Remember the grade-school game ‘Red Light, Green Light?’ You had to run across the playground until someone said ‘red light,’ and then you had to freeze, unable to move again until you heard ‘green light.’
Nice idea, thought some researchers at Massachusetts General Hospital (MGH), could the same go-stop training manipulate the way people eat?
It turns out it can. Dr. Anne Thorndike, a physician in general medicine at MGH, decided to run an experiment in the hospital cafeteria on her fellow colleagues. (Doctors, by the way, tend to have some pretty appalling eating habits, and hospital cafeterias are often to blame.) Thorndike and her team color-coded all of the food items for sale: the healthiest foods (fruits and vegetables and lean meats) got green labels; the moderately healthy ones, a yellow label; and the least healthy options (chips, sugary sodas and fried foods) were branded with a red label.
The cafeteria registers were programmed to record how many items in each category were purchased. It turned out that the color codes made a difference. Sales of red-tagged items decreased 9.2%, with red beverage purchases dropping by 16.5%. Sales of green-tagged items increased by 4.5%, with a 9.6 increase in green beverages.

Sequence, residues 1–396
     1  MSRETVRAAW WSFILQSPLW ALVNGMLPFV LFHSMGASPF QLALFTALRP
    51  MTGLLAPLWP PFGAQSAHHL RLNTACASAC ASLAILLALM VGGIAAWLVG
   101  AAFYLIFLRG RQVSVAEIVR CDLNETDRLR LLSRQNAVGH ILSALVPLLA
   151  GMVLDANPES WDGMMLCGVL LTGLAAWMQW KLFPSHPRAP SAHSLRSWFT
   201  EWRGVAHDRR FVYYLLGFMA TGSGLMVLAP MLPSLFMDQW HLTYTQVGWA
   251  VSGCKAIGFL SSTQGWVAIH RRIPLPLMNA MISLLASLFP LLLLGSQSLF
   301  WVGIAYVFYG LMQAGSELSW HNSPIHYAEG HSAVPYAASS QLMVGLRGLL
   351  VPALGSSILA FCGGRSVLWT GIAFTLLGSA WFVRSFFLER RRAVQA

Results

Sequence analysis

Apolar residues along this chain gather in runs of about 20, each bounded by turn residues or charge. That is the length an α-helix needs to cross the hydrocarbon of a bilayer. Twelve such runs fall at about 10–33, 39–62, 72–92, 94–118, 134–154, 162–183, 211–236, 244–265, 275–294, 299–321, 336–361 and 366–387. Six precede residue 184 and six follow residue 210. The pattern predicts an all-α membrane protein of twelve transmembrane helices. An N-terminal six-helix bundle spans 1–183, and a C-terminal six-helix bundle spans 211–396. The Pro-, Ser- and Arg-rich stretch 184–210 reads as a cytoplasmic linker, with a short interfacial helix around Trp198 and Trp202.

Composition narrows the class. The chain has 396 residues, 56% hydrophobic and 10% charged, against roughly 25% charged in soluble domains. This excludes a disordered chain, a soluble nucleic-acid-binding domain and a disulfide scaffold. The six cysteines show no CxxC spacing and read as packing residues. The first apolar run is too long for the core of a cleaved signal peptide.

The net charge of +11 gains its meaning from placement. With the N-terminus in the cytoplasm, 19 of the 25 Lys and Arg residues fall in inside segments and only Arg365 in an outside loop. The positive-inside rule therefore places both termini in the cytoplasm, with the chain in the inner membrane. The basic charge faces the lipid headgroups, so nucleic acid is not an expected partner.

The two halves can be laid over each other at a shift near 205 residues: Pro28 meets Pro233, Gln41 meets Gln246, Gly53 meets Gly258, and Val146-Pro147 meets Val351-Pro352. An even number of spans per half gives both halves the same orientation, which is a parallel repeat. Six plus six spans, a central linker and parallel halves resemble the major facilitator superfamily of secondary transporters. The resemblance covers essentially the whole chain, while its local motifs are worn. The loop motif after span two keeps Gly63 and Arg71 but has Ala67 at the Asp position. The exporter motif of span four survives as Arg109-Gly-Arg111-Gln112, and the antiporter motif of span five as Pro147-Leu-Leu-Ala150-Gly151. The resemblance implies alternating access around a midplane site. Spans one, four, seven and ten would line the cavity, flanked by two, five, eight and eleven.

Thorndike and her team then conducted another experiment, based on the principles of consumer buying behavior. They rearranged the placement of certain foods — beverages, pre-made sandwiches and chips (the kind of stuff harried consumers tend to grab and go) — so that the healthier stuff was at eye level, and the less healthy stuff above or below.
The researchers placed water, low-fat dairy and diet drinks, at eye level in the refrigerated cases, and moved red- and yellow-tagged sodas to the bottom shelves. They also featured green-labeled sandwiches at eye level, and shifted those with fattier meats and cheeses either above or below them.
The product placement resulted in an additional shift in sales consistent with the initial pattern. After the change in location, sales of red items dropped another 4.9%. Sales of green items actually decreased as well, by 0.8%, but sales of green beverages increased by another 4%.
The beauty of the program is its simplicity — it doesn’t take much for a busy doctor, nurse or any other consumer to comprehend the difference between a red and green tag, and to make a healthy choice. As the study authors note, most efforts to encourage healthy food purchases focus on nutrition labeling on the package, which is useful — assuming that people read and understand the information.
Colored stickers, on the other hand, are a lot easier to understand than fat grams and serving sizes. As Thorndike and her colleagues write, “Any of these strategies could be easily translated to other food service environments” — not just on a child’s playground.